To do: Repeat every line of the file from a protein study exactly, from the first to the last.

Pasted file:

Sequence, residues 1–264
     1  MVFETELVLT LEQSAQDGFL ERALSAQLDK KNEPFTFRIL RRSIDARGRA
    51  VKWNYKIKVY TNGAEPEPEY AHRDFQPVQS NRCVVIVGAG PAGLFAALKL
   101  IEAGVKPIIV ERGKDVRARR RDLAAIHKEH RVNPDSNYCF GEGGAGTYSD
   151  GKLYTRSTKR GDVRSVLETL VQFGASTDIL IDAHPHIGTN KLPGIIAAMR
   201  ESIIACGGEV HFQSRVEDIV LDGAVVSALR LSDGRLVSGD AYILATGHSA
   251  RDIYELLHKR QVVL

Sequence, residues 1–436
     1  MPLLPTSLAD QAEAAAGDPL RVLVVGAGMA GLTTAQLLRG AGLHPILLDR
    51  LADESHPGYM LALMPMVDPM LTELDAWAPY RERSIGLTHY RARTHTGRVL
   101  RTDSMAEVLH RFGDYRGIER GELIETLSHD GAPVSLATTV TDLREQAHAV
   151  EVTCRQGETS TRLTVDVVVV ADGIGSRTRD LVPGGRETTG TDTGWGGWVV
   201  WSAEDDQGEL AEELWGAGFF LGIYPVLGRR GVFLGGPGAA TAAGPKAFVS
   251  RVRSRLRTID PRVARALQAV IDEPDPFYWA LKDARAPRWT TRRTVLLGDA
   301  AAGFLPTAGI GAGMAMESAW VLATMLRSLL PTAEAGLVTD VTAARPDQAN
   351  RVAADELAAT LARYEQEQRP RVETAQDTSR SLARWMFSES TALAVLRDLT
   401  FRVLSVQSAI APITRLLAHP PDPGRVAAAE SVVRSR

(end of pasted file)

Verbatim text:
Sequence, residues 1–264
     1  MVFETELVLT LEQSAQDGFL ERALSAQLDK KNEPFTFRIL RRSIDARGRA
    51  VKWNYKIKVY TNGAEPEPEY AHRDFQPVQS NRCVVIVGAG PAGLFAALKL
   101  IEAGVKPIIV ERGKDVRARR RDLAAIHKEH RVNPDSNYCF GEGGAGTYSD
   151  GKLYTRSTKR GDVRSVLETL VQFGASTDIL IDAHPHIGTN KLPGIIAAMR
   201  ESIIACGGEV HFQSRVEDIV LDGAVVSALR LSDGRLVSGD AYILATGHSA
   251  RDIYELLHKR QVVL

Sequence, residues 1–436
     1  MPLLPTSLAD QAEAAAGDPL RVLVVGAGMA GLTTAQLLRG AGLHPILLDR
    51  LADESHPGYM LALMPMVDPM LTELDAWAPY RERSIGLTHY RARTHTGRVL
   101  RTDSMAEVLH RFGDYRGIER GELIETLSHD GAPVSLATTV TDLREQAHAV
   151  EVTCRQGETS TRLTVDVVVV ADGIGSRTRD LVPGGRETTG TDTGWGGWVV
   201  WSAEDDQGEL AEELWGAGFF LGIYPVLGRR GVFLGGPGAA TAAGPKAFVS
   251  RVRSRLRTID PRVARALQAV IDEPDPFYWA LKDARAPRWT TRRTVLLGDA
   301  AAGFLPTAGI GAGMAMESAW VLATMLRSLL PTAEAGLVTD VTAARPDQAN
   351  RVAADELAAT LARYEQEQRP RVETAQDTSR SLARWMFSES TALAVLRDLT
   401  FRVLSVQSAI APITRLLAHP PDPGRVAAAE SVVRSR